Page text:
• Sue Leamy Kies

On the Trail with a Super-Volunteer

Bob Gates began working on the Wednesday morning crew last year and soon signed up for the Monday morning crew as well. What a score!


Last year the PCA work crews scored big when they acquired a new volunteer. His name is Bob Gates. He began working on the Wednesday morning crew and soon signed up for the Monday morning crew as well. “I retired in the spring of 2020 and was looking for ways to get involved in the community,” he says. “The fact that this social activity came during the pandemic was an added bonus.”


Bob was already using the trail, so when Gene Weber asked him to volunteer he thought it good to support a community asset he believed in. On Wednesday mornings Bob and the rest of the crew spend about two hours weeding, mulching and trimming along the trail between the bridge by Novus and the railroad bridge on the way to Walmart. Bob says other tasks include cutting out the invasive honeysuckle and pulling garlic mustard and other invasives, depending on the season and what needs to be done.


The Monday crew’s jobs are more labor intensive. They often use chainsaws to remove dead or fallen trees that obstruct the path or stream. One of Bob’s favorite tasks on the trail is operating the chainsaw because of the physicality. “One can actually see what has been accomplished,” he says. On the other hand, pulling garlic mustard and other invasive species ranked low on his list of job preferences. He says that at first glance “many of these weeds just looked like flowers of the rest of the plants we were trying to protect.” He is optimistic, however, that this year he will improve at distinguishing invasive plants from native plants.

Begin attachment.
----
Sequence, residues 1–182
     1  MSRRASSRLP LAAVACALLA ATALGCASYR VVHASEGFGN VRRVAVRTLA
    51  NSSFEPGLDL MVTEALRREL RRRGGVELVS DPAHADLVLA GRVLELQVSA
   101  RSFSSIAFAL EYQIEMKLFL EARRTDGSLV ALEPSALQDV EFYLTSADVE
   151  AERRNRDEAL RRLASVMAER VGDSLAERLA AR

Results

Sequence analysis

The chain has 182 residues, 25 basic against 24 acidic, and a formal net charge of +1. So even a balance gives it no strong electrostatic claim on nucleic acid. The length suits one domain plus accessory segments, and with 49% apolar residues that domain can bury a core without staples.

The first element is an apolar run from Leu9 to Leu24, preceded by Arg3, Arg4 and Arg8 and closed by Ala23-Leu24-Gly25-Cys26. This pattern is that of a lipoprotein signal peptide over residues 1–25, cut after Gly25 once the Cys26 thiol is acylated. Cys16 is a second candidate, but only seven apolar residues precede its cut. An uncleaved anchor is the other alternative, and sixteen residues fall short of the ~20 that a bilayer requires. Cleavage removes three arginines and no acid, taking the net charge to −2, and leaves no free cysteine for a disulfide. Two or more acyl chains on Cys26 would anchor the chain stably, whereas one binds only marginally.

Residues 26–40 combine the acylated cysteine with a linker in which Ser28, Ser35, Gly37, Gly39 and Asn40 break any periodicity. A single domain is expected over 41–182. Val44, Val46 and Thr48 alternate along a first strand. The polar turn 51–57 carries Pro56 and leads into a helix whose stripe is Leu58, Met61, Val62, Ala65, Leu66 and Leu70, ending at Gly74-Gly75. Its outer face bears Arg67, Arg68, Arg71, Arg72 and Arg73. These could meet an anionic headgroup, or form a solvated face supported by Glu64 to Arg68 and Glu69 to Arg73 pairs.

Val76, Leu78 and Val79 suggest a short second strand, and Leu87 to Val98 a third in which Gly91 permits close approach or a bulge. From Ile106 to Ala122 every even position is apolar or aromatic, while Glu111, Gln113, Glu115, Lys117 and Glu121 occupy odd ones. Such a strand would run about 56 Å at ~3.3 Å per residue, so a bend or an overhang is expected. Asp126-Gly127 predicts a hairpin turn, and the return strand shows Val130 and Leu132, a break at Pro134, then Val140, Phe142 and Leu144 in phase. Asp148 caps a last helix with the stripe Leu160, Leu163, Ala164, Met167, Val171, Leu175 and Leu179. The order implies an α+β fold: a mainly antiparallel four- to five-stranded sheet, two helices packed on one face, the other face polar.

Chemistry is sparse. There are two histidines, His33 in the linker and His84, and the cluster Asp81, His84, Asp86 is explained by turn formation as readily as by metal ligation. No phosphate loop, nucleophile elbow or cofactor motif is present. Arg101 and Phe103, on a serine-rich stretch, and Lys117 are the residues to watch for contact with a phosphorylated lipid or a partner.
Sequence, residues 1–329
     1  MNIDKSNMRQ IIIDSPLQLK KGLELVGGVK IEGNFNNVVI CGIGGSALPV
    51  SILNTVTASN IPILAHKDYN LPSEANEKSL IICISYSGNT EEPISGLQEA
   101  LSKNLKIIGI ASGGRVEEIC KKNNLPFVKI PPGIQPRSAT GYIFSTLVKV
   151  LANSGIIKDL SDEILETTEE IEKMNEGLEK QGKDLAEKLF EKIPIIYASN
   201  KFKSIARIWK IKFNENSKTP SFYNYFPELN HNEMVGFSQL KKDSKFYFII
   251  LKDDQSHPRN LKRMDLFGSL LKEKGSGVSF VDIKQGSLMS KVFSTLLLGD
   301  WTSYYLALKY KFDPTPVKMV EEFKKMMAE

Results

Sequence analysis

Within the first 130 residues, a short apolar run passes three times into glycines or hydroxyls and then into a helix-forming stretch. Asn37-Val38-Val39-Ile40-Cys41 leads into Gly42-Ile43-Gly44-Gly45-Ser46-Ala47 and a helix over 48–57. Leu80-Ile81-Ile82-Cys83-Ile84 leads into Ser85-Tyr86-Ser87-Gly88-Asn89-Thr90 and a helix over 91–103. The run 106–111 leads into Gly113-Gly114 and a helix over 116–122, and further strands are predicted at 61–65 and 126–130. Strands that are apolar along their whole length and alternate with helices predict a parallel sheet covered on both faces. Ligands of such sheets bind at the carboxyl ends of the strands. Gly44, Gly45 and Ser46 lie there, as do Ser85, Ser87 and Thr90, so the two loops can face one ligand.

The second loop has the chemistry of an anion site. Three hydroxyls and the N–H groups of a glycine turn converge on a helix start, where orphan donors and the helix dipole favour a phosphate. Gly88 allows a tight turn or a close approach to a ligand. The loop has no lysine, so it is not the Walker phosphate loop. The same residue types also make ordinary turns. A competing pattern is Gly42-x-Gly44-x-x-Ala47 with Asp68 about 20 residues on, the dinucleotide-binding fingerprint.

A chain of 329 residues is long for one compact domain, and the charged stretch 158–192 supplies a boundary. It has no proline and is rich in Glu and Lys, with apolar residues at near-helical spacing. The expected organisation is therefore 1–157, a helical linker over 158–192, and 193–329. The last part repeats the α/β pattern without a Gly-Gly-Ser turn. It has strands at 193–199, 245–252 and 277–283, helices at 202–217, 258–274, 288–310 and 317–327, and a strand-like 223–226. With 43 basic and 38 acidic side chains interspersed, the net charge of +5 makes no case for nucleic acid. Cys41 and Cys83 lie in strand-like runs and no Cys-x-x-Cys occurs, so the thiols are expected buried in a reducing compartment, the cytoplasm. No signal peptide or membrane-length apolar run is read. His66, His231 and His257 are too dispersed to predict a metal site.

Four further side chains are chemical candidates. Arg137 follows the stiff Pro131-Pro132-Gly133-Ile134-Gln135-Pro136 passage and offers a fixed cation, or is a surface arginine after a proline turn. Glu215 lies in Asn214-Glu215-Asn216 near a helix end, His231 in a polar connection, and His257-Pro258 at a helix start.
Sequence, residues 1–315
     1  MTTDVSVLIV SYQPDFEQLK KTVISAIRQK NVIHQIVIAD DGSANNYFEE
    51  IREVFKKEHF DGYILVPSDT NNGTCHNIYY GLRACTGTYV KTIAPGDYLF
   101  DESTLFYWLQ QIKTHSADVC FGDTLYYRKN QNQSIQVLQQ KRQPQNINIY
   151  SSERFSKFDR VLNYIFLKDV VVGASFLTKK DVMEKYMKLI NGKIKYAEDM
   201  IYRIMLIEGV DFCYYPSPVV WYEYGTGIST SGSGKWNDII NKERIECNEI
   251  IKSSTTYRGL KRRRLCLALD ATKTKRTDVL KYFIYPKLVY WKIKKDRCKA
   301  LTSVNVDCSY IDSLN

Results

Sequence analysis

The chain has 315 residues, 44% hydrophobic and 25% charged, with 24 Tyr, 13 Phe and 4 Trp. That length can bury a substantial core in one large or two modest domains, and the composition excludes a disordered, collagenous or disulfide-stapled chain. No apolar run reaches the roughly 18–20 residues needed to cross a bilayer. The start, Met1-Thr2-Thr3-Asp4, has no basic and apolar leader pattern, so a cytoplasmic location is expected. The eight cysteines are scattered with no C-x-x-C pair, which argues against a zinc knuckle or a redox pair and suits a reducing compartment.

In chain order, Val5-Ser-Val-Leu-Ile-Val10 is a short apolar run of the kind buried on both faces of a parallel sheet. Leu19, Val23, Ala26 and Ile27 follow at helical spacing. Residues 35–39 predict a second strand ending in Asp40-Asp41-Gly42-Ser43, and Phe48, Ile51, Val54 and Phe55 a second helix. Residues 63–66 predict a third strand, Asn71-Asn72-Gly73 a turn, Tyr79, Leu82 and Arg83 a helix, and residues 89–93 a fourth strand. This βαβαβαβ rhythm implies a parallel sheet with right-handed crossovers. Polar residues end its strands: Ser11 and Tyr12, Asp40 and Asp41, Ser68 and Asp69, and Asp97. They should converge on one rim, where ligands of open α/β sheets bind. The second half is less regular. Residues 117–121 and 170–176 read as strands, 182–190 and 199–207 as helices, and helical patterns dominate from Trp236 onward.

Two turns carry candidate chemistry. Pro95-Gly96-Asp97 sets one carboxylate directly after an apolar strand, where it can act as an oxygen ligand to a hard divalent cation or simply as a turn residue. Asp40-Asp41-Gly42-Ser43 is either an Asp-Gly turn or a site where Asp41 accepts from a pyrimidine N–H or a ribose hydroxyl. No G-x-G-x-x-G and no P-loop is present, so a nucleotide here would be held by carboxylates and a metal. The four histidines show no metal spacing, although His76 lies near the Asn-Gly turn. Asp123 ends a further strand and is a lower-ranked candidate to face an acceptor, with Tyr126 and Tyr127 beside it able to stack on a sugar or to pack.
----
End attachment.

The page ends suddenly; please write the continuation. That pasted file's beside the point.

For nineteen years Bob was the school counselor at Cuba City High School, and before that he worked in Madison for 11 years. When his wife Lizzy got a job in the Psychology Department at UW-Platteville in 2001, the family moved to Platteville. “Platteville is a fantastic community,” he says, “and I can’t imagine a better place to raise children.” Initially hesitant to leave Madison, Bob reflects: “It turned out to be the best decision we ever made.”


Daughter Anna is majoring in Special Education and Elementary Education at UW-Eau Claire, and her sister Caroline, who graduated from Platteville High School this year, will follow. She plans to study Music Education. Both will be in the university marching band, so Bob and Lizzy look forward to traveling to some of the Blugold football games this fall.


Besides working on the trail, Bob is an avid bicyclist who enjoys traversing the backroads and trails of Southwest Wisconsin. He also takes time to read mysteries and research audio equipment online. Volunteering on the trail allows him to give back to the community and socialize with established friends and meet new ones. “There are so many different types of tasks that there is a need for everyone,” he says, “regardless of one’s knowledge, skills, or physical ability.”


Bob jokes that it is rumored that meals are catered during the breaks of the Tuesday group, “but I wasn’t able to pass the vetting process.” As ambitious as he is, Bob will probably end up joining that group, too. We’ll see.




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